By Matthew Diersen
The dry conditions in the western U.S. continue to bring long-run uncertainty to cattle price prospects. Feed costs tied to grain prices have increased steadily over the past six months, largely tied to strong export markets for corn and soybeans. A look at hay prices suggests that market has been responding differently. The NASS U.S. hay price for January 2021 of $157 per ton was up $2 per ton from January 2020. In the southwest, the prices in January were lower in Arizona, California and Colorado and higher in New Mexico compared to a year earlier. In the northwest, the price changes have been mixed (or not showing an obvious pattern). Across the plains states the prices were higher (except for a slight decrease in South Dakota), suggesting the area is the place to monitor prices moving forward should demand from the west increase further.
The next comprehensive measure of hay demand will be the May 1 (ending) stocks estimates released in mid-May. At the national level, the May 1 stocks projection by the LMIC is 19.5 million tons. That would be a slight reduction from the 2020 level, but greater than in 2018 and 2019, with prices inversely related to stocks levels. The LMIC model is annual and based on multiple factors to arrive at their projection. As an alternative, use or disappearance can be isolated by season, focusing on fall and winter disappearance. Fall disappearance is old crop plus production less December 1 stocks. In 2020 that was 63.2 million tons in the U.S. and slightly above the typical amount used given the available supply. Thus, fall disappearance was a little high. December 1 stocks, as a result, were at 84.0 million tons, down slightly from 2019. Winter use last year was generally low relative to the December 1, 2019 stocks level. Winter use tends to be 75 percent of December 1 stocks plus a few million tons. That implies a typical winter use of 66.6 million tons for 2020/2021, implying May 1 stocks of only 17.4 million tons. Actual May 1 stocks below that amount would indicate strong demand, a tenuous ending stocks situation, and sharply higher price expectations.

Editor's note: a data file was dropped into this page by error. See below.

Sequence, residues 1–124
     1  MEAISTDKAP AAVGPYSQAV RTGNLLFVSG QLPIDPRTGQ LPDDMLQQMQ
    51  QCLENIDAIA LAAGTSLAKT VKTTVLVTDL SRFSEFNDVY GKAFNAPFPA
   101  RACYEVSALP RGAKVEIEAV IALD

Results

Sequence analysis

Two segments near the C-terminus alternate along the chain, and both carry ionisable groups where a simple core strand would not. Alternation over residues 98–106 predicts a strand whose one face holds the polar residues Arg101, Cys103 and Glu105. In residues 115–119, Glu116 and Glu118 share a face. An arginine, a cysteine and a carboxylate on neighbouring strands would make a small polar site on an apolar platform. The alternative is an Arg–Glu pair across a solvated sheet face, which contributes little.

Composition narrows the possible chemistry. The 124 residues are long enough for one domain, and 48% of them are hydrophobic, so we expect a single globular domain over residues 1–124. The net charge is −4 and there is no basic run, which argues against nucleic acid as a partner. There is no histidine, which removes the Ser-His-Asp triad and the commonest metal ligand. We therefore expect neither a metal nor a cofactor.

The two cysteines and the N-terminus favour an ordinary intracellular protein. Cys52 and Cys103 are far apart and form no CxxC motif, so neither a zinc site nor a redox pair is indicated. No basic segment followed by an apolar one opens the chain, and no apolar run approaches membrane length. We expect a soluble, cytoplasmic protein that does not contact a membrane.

Another less familiar metric to follow related to the feed situation would be indemnities tied to Pasture, Rangeland, and Forage (PRF) insurance. The first insurance interval, January-February, just ended so indemnities are expected soon in affected areas with coverage. For calendar year 2021 there are 201 million acres insured nationally, compared to 160 million acres insured in 2020. Over half of those acres are in Nevada, Texas, Arizona and New Mexico. During 2020 there were large indemnity payments in those and neighboring states. Both 85% and 90% coverage levels are common with PRF insurance. While the growth in acres insured was large, pasture remains a relatively less-insured crop. If PRF is not utilized, producers may be covering pasture with Noninsured Crop Disaster Assistance Program (NAP) coverage. However the acres protected under that program are not transparent. A final related metric would be eligibility maps covering the Livestock Forage Program (LFP), where payments are tied to drought monitor severity and currently show the extent of on-going pasture stress in the southwest U.S.Source : osu.edu